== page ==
I read an interesting article two weeks ago in the New York Times, that I've been mulling over ever since. I don't know if you can read it without having to sign up for the Times online service, but if you want to, here's the info on it.
FASHION & STYLE February 18, 2007 A Kiss Too Far? By GUY TREBAY For same-sex couples, simple public displays of affection are fraught.
I remember Dan Savage said somewhere that for same-sex couples, public affection is always a political act. Whether we like it or not, I think that's true. Even if one is standing smack-dab in the middle of a gay ghetto, the couple has made a conscious choice, a risk analysis has been conducted and the results have been deemed within acceptable parameters. Both people also know the safety is fragile at best. Three of the four times I've been harassed, (I've been spit on, but never actually bashed, knock wood) I was in a 'gay' neighborhood. Every time I was with a friend or boyfriend. Two of the times we had our arms around one another (thereby 'asking for it') but two of the times (including the spitting) we hadn't been kissing, touching, or indeed doing anything that I could ascertain was particularly gay, yet something still set the individuals off. The ugliest time was on a bus in Seattle, going through Capitol Hill, the gay district on a Friday afternoon. My boyfriend and I saw a friend on the street at one of the stops out working in his garden. While the bus waited for the light to change we chatted about his flowers through the window. I have to assume we were just WAY too faggy in our conversation or vocal patterns for the guy on the bus who confronted us later.
This is all preamble to my actual story, however. My point is, even in supposedly liberal, open-minded places like Seattle and NYC, I have learned to be careful, pick my neighborhoods, and accept that even so a casual sign of affection between me and a boyfriend could set someone off at any moment. I've learned I have to be ready for the worst at any time, in any place. Often I will choose to take the risk, depending on who I am with, and how easily we could get help if we needed it. Brian and I were of like minds on this count, though we didn't really discuss it much. If we were on the subway and I was getting off before him, I was usually unwilling to kiss him, simply because I felt in getting off the train I would have more options to protect myself should trouble arise, but Brian would be trapped on the subway, at least for one stop, if someon chose to attack him. Usually we kissed in those situations though, because he would kiss me first. And if he was getting off first, I would kiss him first. Over all we probably kissed one another hello and goodbye just as much as most straight couples. But there were exceptions.
The incident I'm thinking of happened in 1999. I had been out of town for two months, first at a very ill-fated job in Florida (another story) then for a month with my family in Indiana, recovering from the job. During that time I had called Brian every day, and often emailed him in addition. We'd been going out for just over a year at that point. His support was key during a very trying time. The day I arrived back in NYC, Brian planned on coming up to my place (we weren't yet living together) after work. Expecting him later, I ran out to the store for a quick errand. Brian, however, had gotten off work early, so we ended up running into one another unexpectedly down by the subway station. I was overjoyed to see him. We looked startled, smiled, explained what had brought each of us to that place at that time, then he went back to my place and I went on to the store. There was no kiss, no hug, no physical contact of any kind. Casual observers might have assumed we'd seen each other that morning over breakfast. The place was crawling with people you see, with a high percentage of teenagers, and a predominantly Latino population that had previously proven itself quick to ridicule. I don't know if we both had the same reaction, or if Brian read my hesitance and didn't want to challenge it, but bottom line, we didn't touch.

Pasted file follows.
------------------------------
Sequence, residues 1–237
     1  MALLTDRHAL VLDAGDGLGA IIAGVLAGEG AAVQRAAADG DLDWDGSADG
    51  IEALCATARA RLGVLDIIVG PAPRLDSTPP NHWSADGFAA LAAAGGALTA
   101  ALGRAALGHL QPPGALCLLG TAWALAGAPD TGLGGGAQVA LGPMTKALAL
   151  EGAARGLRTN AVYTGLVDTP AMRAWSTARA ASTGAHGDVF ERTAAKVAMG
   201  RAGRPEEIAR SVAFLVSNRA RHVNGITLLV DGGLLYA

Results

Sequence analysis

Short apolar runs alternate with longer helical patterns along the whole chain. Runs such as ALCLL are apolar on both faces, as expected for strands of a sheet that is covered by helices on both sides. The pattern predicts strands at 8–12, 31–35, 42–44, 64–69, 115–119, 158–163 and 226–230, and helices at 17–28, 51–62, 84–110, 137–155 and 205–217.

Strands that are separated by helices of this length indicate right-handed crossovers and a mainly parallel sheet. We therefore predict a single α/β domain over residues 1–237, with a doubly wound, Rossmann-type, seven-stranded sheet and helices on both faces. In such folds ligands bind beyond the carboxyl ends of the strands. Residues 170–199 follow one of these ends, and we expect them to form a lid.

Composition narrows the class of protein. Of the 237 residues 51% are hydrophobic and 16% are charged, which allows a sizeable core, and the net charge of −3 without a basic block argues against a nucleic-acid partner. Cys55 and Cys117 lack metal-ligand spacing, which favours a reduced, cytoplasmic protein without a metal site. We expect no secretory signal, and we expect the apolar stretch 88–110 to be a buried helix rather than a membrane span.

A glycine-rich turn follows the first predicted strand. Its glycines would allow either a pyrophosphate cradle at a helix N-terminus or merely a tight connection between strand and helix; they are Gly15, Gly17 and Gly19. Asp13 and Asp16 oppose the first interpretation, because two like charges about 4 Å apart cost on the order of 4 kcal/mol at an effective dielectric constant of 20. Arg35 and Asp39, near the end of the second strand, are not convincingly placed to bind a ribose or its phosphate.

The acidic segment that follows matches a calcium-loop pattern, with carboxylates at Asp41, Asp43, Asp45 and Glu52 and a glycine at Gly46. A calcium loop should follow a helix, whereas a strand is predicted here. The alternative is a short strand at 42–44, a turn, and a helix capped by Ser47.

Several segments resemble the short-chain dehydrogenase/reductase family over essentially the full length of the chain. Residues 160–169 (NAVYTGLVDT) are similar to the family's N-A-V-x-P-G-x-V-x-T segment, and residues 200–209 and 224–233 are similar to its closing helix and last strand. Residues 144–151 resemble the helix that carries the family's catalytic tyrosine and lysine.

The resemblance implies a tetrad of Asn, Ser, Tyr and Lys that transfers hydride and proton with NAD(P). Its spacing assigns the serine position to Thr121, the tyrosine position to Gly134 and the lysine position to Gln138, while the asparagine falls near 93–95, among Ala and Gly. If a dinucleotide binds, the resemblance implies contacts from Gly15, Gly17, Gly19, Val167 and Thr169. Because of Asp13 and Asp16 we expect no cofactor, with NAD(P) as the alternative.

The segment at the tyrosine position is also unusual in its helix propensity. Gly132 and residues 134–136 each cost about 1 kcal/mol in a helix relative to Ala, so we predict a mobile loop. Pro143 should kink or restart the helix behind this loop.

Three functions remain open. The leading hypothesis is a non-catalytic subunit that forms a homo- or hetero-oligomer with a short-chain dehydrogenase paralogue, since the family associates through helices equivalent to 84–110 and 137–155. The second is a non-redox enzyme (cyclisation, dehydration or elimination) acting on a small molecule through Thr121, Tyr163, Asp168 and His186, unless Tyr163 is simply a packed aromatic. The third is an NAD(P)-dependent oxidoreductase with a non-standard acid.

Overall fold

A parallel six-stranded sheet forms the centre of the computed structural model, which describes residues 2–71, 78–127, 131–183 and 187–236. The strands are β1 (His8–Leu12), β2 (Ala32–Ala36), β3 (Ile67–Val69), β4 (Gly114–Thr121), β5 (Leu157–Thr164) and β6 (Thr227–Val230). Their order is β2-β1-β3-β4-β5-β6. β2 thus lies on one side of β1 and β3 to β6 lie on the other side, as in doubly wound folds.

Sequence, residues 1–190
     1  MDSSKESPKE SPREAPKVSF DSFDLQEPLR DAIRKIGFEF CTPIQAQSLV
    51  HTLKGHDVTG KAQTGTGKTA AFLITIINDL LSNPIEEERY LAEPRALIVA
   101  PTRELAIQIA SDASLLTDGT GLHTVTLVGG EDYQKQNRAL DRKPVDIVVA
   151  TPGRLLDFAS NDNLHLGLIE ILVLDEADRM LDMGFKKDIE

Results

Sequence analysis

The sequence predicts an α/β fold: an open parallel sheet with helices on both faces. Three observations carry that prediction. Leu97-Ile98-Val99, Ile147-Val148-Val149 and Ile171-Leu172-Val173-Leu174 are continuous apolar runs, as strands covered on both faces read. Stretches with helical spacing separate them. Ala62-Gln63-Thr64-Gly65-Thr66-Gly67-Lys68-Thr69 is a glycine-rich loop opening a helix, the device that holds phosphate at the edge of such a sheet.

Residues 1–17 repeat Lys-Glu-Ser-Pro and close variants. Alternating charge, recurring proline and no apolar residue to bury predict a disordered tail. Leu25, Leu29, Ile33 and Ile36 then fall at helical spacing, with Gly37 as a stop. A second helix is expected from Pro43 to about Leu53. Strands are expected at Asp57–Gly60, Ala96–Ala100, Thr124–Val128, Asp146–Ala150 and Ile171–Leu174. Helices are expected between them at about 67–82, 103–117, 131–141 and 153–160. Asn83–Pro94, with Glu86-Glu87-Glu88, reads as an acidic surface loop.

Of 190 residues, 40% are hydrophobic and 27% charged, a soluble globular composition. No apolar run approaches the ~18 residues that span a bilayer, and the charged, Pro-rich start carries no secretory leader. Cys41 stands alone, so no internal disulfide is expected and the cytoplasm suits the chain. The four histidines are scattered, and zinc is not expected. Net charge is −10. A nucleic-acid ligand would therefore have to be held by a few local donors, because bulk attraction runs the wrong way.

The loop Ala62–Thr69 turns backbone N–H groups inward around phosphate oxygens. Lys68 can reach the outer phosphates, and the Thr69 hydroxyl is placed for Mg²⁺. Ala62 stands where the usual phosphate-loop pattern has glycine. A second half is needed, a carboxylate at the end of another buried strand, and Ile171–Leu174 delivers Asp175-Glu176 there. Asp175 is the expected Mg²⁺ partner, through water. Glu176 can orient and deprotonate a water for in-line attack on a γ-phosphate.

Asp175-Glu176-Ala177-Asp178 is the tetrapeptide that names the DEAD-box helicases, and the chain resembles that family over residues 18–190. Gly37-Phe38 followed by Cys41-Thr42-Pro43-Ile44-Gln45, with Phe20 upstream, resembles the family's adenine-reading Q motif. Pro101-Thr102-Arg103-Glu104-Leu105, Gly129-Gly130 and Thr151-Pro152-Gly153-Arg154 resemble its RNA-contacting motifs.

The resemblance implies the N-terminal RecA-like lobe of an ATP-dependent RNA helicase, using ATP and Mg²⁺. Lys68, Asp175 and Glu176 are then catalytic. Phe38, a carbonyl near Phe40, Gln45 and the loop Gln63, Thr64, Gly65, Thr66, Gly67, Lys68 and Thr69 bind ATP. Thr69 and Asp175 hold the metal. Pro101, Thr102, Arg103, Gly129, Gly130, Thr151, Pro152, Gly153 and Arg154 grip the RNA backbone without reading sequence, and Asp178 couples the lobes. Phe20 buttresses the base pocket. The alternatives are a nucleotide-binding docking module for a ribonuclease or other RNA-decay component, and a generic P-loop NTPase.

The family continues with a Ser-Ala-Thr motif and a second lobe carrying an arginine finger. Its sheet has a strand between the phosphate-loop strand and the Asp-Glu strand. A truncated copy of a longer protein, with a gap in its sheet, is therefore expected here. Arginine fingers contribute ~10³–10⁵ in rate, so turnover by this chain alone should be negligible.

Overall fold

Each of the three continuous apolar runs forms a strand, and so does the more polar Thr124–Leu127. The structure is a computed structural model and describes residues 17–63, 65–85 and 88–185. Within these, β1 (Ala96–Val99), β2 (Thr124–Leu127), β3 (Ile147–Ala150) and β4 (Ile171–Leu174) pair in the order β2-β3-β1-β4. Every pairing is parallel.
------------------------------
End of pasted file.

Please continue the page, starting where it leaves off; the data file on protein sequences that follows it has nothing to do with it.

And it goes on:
I was furious at myself for days afterwards. All sorts of thoughts raced through my head. Had I sold my neighborhood short by assuming Catholic Latinos would have a problem with two guys kissing? Had I made Brian feel like I wasn't happy to see him? Would New York teenagers even notice, let alone care what a couple of guys were doing? Had I simply chickend out? I don't know, since of course we didn't put it to the test. Partly the instantaneous risk analysis had reminded me I was close to home; if someone in the neighborhood had a problem with me, he or she could be a long-term problem, not just an unpleasant one-time event. But I think I was also more vulnerable at that point, precisely because I was so happy to see Brian, and felt such tenderness for him. Just one shrieking teenage girl, or one guffawing teenage guy would have been more than I could handle right then. Just the THOUGHT of being ridiculed, even by one person, even by some random teenager I might never see again, was enough to stop me right then.
Dan Savage is right; same-sex affection is always a political act. That may have been the sticking point for me in that moment. All those times on the subway, or out in public with my boyfriends, I knew I wasn't just saying hello or good-bye, I wasn't just telling someone I loved him. I was daring the world, taking a chance. It might be a small dare, depending on the neighborhood, but there was still a risk being taken, a statement being made, and we both knew it. That Spring day in Harlem, I didn't want to be daring the world, making a statement, or taking a stand. I wanted to tell a man I loved that I had missed him, and was happy to see him. That day, that statement had to wait until we were safely behind closed doors.